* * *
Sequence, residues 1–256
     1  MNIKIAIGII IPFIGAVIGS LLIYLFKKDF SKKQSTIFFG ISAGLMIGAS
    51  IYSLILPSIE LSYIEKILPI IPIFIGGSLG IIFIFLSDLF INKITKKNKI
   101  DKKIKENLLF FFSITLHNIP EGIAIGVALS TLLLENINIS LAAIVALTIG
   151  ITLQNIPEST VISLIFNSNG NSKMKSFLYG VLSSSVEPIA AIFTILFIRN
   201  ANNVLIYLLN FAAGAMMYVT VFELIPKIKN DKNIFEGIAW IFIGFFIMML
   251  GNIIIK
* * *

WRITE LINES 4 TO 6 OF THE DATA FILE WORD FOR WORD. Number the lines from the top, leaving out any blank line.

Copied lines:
   101  DKKIKENLLF FFSITLHNIP EGIAIGVALS TLLLENINIS LAAIVALTIG
   151  ITLQNIPEST VISLIFNSNG NSKMKSFLYG VLSSSVEPIA AIFTILFIRN
   201  ANNVLIYLLN FAAGAMMYVT VFELIPKIKN DKNIFEGIAW IFIGFFIMML